FRIDAY, Nov. 2 (HealthDay News) -- Millions more in the
storm-ravaged Northeast woke up Friday morning to restored
electricity as the region slowly recovers from "superstorm"
But the U.S. death toll from the storm climbed to 92 by Friday
as more bodies were recovered from wrecked and flooded homes, the
Overall, 3.8 million people remain without power, down from a
peak of 8.5 million, the
Cities and towns hit hard by Sandy had begun to restore power
and transportation Wednesday and early Thursday. In New York City,
officials reopened the Stock Exchange after a two-day shutdown,
airports began to resume service and theater lights went on once
more. Partial service has been restored to New York City's subway
Sandy -- which started as a hurricane until being dubbed a
post-tropical cyclone Tuesday -- made landfall near Atlantic City,
N.J., Monday evening.
Millions have seen power restored to their homes, but the
APreported Friday that 1.3 million people across New York
State were without power. In New Jersey, more than 1.6 million
people are without electricity, as are 372,000 in Pennsylvania,
241,000 in Connecticut, more than 104,000 in West Virginia and just
under 89,000 in Ohio.
Heavy snowfall in states such as Kentucky, West Virginia and
Maryland are adding to power outages. In West Virginia, Governor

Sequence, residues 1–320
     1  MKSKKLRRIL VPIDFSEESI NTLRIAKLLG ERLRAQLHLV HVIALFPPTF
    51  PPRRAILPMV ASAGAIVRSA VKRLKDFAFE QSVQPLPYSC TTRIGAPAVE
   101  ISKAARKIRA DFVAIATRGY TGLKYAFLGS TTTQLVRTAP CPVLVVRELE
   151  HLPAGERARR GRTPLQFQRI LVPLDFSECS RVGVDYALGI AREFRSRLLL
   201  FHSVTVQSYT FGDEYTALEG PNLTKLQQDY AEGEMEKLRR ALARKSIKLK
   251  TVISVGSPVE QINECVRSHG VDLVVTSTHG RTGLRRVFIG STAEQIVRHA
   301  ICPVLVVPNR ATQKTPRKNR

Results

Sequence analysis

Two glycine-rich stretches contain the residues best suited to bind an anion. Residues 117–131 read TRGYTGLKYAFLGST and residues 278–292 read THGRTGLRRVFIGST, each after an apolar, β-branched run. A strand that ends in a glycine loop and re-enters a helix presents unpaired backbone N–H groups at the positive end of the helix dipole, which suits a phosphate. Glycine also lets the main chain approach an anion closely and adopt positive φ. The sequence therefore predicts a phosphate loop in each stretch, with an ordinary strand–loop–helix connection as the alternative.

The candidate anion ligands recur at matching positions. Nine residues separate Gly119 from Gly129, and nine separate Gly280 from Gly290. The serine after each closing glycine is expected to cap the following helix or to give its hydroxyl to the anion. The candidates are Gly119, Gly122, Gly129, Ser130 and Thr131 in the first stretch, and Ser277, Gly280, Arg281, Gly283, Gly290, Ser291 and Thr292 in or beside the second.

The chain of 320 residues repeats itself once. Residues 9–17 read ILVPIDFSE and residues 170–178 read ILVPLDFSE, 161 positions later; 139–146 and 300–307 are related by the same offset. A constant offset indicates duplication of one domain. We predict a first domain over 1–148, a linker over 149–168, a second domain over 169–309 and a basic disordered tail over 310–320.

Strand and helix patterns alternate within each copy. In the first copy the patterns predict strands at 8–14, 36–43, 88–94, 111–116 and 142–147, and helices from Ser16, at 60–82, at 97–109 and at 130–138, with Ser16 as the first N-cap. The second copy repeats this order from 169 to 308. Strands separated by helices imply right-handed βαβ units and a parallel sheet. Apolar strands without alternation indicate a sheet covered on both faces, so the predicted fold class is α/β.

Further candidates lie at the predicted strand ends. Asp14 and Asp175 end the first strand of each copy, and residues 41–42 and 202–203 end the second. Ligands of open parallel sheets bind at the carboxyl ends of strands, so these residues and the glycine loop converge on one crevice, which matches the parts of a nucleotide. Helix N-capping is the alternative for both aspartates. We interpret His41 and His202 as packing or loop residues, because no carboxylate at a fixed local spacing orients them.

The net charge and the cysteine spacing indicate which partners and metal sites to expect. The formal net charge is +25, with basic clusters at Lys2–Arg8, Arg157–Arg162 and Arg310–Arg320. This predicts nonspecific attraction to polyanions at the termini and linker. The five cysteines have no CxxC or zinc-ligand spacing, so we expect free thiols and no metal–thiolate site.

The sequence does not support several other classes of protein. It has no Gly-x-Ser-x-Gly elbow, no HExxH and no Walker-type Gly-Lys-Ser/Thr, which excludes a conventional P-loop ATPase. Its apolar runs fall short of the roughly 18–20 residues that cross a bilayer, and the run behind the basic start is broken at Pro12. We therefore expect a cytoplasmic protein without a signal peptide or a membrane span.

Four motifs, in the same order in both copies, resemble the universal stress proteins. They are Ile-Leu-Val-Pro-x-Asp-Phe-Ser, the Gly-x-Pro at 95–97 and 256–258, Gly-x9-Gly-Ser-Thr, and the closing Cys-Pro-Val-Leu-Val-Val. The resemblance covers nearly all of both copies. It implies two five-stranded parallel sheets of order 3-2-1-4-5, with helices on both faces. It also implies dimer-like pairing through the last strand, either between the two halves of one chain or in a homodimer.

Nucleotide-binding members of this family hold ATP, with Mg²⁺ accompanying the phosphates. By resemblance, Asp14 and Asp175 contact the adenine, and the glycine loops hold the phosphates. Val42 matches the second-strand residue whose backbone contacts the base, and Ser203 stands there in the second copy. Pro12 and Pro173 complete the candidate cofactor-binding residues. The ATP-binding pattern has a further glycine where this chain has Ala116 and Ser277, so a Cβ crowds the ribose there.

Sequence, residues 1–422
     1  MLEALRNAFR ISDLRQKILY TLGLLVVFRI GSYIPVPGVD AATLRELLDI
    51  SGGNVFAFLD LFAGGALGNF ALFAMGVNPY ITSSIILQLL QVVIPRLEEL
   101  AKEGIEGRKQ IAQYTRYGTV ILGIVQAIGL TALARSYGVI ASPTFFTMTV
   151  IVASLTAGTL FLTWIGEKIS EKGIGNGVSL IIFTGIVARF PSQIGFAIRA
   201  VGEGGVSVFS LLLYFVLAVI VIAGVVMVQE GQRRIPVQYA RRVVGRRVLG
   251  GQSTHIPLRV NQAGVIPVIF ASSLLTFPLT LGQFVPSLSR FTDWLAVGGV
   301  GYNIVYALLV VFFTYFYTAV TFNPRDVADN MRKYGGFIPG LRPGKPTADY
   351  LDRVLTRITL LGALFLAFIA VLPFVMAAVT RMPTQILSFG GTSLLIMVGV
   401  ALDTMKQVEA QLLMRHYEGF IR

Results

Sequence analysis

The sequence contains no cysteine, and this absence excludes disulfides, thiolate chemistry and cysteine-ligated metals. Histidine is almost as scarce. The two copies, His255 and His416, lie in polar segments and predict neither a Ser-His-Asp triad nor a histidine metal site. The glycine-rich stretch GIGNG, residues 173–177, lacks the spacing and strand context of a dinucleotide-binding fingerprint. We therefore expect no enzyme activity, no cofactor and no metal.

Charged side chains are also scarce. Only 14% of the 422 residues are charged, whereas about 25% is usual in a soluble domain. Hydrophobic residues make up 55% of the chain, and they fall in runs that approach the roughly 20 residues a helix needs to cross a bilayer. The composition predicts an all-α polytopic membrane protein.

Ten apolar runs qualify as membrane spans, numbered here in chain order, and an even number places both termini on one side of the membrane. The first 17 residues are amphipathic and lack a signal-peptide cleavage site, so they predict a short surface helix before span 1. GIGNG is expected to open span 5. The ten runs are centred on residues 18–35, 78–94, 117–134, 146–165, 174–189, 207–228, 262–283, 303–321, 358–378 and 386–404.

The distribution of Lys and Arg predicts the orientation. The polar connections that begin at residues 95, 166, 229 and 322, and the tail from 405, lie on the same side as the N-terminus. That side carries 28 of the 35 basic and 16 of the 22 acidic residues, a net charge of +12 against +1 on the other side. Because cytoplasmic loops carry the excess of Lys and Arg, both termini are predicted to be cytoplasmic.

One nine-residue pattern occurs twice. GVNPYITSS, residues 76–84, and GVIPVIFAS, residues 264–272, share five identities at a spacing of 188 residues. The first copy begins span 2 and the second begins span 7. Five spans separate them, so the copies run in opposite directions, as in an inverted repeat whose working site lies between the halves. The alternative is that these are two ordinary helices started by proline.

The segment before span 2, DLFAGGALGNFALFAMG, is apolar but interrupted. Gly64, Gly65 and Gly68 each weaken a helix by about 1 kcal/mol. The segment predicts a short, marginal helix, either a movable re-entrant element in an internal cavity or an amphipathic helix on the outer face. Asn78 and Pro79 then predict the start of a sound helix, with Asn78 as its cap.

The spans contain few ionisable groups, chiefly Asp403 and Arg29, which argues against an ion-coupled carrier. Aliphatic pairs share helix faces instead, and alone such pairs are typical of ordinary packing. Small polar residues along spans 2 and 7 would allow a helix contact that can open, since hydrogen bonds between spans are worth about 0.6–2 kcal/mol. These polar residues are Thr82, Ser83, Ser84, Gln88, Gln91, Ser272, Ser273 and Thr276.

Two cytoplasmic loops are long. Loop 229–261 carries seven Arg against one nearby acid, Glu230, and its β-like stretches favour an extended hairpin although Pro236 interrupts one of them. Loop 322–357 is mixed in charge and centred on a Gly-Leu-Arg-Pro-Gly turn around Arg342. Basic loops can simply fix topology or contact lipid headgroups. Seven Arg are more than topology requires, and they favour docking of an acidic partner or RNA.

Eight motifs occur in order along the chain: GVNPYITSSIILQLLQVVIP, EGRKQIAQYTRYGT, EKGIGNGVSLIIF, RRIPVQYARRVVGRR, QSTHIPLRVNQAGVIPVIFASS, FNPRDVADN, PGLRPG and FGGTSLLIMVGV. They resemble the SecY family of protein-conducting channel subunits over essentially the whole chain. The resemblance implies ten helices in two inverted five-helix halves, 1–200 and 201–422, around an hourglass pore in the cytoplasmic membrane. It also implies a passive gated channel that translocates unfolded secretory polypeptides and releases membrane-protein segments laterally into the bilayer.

Earl Ray Tomblin requested a federal disaster declaration after
nearly three feet of snow fell in that state.
Eqecat, a company that predicts the costs of catastrophes for
insurance companies, said Sandy's economic damage could total $10
billion to $20 billion, the
For the millions still without power, preparation will have been
key, said one expert.
Dr. Robert Glatter, an emergency medicine physician at Lenox
Hill Hospital in New York City, said it's important to have
stockpiles of prescription medicines, special medical supplies,
nonperishable foods -- baby formula and pet foods, too -- as well
as emergency essentials.
"Be prepared to be self-sufficient for one to five days without access to grocery stores," Glatter said.
Experts also advised that local authorities must be told about
any elderly, disabled or bedridden people who might need emergency
assistance. Find out where your community's emergency shelters
If you evacuate, Glatter said it's important to have a
ready-made kit or "go bag," including extra eyeglasses, sanitized
baby bottles and diapers. People with diabetes should keep extra
insulin on hand and a ready supply of snacks in case their sugar
levels drop, he said. Store insulin or any liquid antibiotics on
ice or cold packs during power failures, he suggested.
Patients who use a CPAP machine for sleep apnea or chronic
obstructive pulmonary disease (COPD) may need an alternative power
source during the storm. This includes a CPAP battery pack, he
To be on the safe side, assemble a one- to two-week supply of
prescription medications, Glatter said. And "stay connected -- have
a list of your doctors with their contact information."
Keep emergency phone numbers near every phone and in your
cellphone "contacts" list.
"Have coins and cash available, too," Glatter said.
In terms of hurricane supplies, the U.S. Centers for Disease
Control and Prevention suggested the following:
The U.S. Centers for Disease Control and Prevention has more
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